The Great Industrial Resignation
The Great Industrial Resignation | Entytle

TL;DR

  • Workers are resigning in droves, taking hard-earned knowledge and experience with them which is especially critical in the manufacturing industry
  • Newer, typically younger workers do not have the legacy knowledge and are not willing to tolerate outdated technologies of the past
  • Investment in technologies for knowledge and insight creation, sharing, and collaboration will reduce the impact of this generational transition
  • Focusing on 3 areas will help accelerate digitization: unifying data, extracting insights from it, and finding ways to operationalize and share across workflows

Much has been written about “The Great Resignation” with millions of Americans quitting their job every month.  While unemployment is similar to pre-pandemic levels (4.2% in November 2021 vs 4% pre-pandemic), workforce participation still lags behind pre-pandemic levels, 61.8% as of November 2021, ~1.5% below pre-pandemic levels.  That is the equivalent of approximately 5 million workers who left the workforce during the pandemic.  The explanations are diverse, including health concerns, lack of child-care, pandemic-relief benefits, self-employment, burnout, and simply new opportunities with better pay.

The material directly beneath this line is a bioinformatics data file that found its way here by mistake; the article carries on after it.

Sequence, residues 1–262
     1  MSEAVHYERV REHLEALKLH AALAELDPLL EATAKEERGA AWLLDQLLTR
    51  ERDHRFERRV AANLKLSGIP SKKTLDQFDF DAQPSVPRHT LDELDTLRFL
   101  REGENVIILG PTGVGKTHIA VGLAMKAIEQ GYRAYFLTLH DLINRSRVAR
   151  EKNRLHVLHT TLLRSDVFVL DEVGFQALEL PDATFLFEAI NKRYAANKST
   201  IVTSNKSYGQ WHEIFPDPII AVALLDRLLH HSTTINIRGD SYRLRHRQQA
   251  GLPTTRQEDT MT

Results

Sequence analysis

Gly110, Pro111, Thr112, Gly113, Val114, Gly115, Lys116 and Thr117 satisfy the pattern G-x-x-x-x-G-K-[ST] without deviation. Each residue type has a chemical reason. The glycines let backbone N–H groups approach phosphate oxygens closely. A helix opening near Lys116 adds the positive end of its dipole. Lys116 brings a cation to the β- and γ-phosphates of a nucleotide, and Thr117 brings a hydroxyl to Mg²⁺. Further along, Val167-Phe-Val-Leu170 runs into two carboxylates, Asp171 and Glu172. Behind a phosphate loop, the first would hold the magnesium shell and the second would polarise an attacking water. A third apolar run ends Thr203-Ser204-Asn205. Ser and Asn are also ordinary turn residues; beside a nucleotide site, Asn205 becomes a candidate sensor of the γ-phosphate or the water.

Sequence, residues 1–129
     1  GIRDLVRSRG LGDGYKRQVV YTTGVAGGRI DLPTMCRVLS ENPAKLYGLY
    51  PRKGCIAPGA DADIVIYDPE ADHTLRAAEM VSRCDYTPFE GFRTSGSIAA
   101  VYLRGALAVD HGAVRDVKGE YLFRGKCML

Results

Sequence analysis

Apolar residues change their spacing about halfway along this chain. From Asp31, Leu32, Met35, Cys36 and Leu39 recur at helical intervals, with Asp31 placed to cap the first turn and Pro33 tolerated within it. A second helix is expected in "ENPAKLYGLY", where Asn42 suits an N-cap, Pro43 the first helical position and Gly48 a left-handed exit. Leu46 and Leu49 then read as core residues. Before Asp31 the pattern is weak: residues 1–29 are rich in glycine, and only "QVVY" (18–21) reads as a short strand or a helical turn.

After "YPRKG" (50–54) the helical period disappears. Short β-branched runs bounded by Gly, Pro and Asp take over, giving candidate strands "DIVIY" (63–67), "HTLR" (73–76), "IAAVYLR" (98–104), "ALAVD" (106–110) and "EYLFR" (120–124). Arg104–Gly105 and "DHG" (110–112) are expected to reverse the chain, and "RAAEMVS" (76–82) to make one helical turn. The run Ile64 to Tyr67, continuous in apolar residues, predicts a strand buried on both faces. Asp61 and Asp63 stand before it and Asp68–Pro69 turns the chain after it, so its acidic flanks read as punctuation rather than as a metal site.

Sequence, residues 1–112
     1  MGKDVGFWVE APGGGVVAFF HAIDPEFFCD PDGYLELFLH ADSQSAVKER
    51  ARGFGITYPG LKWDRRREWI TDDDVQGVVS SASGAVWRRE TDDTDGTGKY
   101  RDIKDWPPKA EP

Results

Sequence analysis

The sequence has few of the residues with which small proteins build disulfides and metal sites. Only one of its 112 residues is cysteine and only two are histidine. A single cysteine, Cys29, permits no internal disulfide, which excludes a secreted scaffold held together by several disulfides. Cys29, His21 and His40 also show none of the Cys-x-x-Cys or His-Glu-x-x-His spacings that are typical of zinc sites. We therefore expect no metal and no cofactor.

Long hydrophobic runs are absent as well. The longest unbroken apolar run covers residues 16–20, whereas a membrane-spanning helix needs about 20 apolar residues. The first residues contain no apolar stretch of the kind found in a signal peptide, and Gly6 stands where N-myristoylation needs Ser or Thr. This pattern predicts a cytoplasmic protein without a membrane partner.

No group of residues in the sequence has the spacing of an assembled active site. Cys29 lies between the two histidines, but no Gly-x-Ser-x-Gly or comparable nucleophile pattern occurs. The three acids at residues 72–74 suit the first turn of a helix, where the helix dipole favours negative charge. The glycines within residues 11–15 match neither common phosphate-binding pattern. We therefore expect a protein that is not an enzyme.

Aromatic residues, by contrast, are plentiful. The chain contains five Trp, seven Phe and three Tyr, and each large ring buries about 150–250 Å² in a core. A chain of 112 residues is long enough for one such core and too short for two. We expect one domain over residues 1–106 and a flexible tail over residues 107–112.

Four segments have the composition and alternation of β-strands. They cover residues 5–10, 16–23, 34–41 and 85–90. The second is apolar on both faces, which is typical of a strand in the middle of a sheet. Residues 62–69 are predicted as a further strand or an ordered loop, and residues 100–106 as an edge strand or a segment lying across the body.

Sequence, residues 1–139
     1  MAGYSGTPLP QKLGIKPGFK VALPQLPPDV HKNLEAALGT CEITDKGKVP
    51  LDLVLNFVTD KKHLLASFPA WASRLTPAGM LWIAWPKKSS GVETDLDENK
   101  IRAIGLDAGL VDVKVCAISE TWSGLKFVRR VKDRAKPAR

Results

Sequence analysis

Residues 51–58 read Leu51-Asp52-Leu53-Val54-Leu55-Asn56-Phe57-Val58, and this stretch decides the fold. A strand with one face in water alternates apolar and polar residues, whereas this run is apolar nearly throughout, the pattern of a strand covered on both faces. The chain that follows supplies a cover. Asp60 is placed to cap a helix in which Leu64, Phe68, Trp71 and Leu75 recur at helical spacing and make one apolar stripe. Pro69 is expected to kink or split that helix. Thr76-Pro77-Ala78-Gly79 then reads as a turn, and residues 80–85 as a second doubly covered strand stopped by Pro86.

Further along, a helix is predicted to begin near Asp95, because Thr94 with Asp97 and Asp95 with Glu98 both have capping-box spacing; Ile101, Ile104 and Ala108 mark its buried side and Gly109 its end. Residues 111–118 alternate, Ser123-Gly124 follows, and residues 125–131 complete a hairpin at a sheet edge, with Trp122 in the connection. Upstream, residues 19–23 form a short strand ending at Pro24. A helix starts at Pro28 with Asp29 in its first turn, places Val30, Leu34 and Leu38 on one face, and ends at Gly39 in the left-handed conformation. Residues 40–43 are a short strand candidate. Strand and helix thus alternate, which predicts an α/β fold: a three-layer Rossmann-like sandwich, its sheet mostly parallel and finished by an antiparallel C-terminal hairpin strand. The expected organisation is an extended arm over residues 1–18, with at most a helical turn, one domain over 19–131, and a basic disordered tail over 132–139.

overall unemployment rate before and after pandemic | Entytle

Source: US Bureau of Labour Statistics: Impact of the COVID-19 pandemic on The Employment Situation for December 2021

The Impact of the Great Resignation 

The impact of The Great Resignation has varied across the economy.  Of course, industries like healthcare, travel, and hospitality have been affected significantly.  Others, such as technology, have been impacted, but in different ways, with growth and burnout driving employment trends. So, how has this impacted the manufacturing industry?  From the data and from recent conversations with 30+ manufacturing companies, we see several impacts.  

First, on the production floor, we have seen multiple situations of very high turnover, with production workers able to find a new role for $1, $2, $3 more per hour just walking across the street to another facility.  Supply chain disruptions, as well as the pandemic’s whiplash impact on manufacturing, have caused sudden demand increases, when combined with rising inflation, which has led to rapidly increasing pay in many markets in order to attract and retain workers, with accompanying turnover for others.